What details did the Queen’s speech provide for the ‘spiritual and material’ side of the social question? The ‘material side’ was a mixture of labour and poverty-related measures. The cabinet wanted to stop the emiseration of the vulnerable members of society by means of mandatory insurance against the consequences of illness, invalidity and old-age. They wanted to combat fraud with food supplies in order to protect the population against malnutrition. Mandatory insurance against industrial accidents served to protect vulnerable workers. New apprenticeship regulations sought to improve popular education. On the ‘spiritual side’ Kuyper’s government wanted to uplift ‘the moral character of public life’ in particular to rein in ‘addictions to games and drink.’ And then of course there was the issue of special education that had already occupied politicians and the churches for years. The confessional parties wanted to have religiously-based schools subsidised by the government, in addition to the regular non-denominational public schools.
Quite striking is the attention paid to the ‘lesser welfare of the native population on Java.’ The cabinet would take action on this issue and, among other things, closely monitor obedience to the regulations designed to protect native coolies.
But parliamentary opposition prevented the cabinet from making good on its ambitious social programme. To make matters worse, the big Railway Strike of 1903 seriously dented its image. Kuyper collided with striking railway workers and stevedores, whom he accused of ‘criminal agitation.’ Three laws were adopted – ‘strangulation laws’ according to the socialists – that prohibited civil servants and workers in key sectors (like the railways) from striking. This broke the strike. It was only in the area of colonial politics that the cabinet was able to cash in on its promises, particularly the introduction of the ‘ethical policy’ that aimed to promote the political and economic independence of the colonial population.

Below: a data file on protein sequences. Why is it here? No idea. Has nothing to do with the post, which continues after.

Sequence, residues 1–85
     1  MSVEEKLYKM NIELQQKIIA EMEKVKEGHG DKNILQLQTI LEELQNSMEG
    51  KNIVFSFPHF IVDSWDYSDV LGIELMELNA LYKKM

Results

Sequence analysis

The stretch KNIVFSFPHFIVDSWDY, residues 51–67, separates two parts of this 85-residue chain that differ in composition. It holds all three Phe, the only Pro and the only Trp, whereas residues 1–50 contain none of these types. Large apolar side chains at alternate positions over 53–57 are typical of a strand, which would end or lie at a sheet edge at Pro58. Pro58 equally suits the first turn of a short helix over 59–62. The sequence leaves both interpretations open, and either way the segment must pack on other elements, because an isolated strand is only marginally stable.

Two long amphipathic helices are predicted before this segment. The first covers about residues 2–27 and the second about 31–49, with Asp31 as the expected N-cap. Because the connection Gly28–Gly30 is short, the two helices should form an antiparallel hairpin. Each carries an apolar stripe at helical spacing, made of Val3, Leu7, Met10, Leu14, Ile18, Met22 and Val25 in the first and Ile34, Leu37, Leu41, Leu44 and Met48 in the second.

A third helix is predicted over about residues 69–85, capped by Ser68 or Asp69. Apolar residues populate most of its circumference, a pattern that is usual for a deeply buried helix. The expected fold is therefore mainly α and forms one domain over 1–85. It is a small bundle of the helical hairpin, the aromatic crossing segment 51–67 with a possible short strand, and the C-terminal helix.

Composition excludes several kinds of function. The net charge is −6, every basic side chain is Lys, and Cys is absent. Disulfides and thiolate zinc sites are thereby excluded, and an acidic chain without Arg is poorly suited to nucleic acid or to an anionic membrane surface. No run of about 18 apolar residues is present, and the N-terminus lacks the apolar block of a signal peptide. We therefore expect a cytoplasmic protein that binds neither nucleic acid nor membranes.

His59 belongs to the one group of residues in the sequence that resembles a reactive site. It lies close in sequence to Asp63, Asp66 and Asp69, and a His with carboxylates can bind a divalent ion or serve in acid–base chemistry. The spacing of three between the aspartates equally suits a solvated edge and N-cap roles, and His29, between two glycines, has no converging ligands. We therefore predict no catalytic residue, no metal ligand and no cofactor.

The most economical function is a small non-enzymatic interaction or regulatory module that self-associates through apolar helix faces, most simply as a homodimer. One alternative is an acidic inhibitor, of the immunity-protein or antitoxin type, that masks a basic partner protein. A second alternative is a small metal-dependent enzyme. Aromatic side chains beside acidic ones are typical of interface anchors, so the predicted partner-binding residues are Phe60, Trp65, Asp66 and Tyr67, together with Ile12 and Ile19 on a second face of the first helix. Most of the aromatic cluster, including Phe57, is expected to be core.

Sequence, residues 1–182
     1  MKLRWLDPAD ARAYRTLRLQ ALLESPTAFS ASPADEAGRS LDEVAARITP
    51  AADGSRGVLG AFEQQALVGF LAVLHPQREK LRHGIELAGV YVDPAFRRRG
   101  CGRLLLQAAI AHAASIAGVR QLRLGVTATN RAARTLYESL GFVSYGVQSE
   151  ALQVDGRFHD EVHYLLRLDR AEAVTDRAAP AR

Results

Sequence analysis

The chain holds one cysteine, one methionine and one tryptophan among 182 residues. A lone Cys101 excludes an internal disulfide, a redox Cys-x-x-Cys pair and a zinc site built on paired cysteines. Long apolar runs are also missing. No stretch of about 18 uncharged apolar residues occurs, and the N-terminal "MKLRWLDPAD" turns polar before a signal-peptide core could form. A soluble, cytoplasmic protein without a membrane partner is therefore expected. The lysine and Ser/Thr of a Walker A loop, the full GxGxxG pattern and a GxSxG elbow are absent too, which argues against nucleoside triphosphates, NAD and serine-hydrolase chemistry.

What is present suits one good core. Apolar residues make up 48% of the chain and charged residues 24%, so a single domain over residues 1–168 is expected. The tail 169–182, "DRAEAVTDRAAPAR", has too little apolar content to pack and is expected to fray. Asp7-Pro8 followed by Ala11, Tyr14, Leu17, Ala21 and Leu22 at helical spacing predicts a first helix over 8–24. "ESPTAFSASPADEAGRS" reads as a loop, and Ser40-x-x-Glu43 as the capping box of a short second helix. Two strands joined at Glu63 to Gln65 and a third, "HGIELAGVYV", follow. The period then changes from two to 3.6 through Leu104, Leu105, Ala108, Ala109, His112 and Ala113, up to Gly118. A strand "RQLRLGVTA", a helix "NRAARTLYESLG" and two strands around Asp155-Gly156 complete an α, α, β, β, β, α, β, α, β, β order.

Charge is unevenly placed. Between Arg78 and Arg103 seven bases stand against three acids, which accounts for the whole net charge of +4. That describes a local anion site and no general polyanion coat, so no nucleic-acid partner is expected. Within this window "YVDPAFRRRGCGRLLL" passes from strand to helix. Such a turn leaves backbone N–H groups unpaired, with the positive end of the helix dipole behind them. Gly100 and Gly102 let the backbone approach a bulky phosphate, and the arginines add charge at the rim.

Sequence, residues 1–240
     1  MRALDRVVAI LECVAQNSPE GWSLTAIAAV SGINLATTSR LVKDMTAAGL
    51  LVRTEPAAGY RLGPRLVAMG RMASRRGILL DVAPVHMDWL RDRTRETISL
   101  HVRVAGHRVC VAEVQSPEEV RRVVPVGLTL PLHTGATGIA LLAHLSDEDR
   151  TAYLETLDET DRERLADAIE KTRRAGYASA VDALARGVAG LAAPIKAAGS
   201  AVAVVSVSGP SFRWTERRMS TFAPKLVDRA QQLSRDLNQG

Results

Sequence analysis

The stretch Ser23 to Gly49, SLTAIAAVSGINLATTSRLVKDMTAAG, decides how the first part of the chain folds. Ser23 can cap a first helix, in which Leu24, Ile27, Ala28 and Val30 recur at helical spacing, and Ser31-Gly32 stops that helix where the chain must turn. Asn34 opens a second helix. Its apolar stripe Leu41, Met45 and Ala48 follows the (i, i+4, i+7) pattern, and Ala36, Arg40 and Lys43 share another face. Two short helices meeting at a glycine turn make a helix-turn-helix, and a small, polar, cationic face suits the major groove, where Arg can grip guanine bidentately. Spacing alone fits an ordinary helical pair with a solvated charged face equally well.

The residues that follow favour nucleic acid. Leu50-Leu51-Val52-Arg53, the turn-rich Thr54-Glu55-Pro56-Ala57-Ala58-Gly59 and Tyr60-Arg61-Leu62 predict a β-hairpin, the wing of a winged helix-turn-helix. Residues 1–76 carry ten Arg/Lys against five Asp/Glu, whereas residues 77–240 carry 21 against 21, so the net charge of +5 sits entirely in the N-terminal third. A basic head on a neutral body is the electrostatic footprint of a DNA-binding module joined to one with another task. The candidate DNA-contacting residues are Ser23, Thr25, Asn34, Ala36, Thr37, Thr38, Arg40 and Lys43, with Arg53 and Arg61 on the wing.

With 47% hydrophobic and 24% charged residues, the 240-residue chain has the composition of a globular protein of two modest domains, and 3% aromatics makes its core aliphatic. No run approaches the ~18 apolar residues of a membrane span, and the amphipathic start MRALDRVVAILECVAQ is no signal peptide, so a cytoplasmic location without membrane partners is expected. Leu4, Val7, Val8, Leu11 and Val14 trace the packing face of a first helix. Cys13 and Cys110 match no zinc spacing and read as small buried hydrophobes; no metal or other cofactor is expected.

Poverty dominated the issue of well-being throughout the nineteenth century. A low quality of life was passed on through successive generations of the poor. Contemporaries acknowledged the seriousness of the issue, even as it took on a different guise in the course of the century. Around 1850 poverty was associated with extreme poverty. An important segment of the population had to make do without the minimal basic necessities like food, drink, clothing, warmth and housing. The struggle against poverty was initially aimed at providing for these minimal needs.
But in the course of time the issue became broader. Foreign reports about slums in the growing cities, about the miserable conditions in factories and about the exploitation of the proletariat on the one hand horrified the Dutch bourgeoisie and on the other hand incited fear of uprisings and revolution. When the first ‘modern’ strikes took place in 1869 – albeit on a modest scale – they stimulated a wide range of responses. One of them was the founding of the ‘Committee for deliberating the Social Question’ in 1870. The term ‘Social Question’ would become the dominant referent for a wide range of problems around poverty, extreme poverty, public health, public housing, popular culture and labour issues.2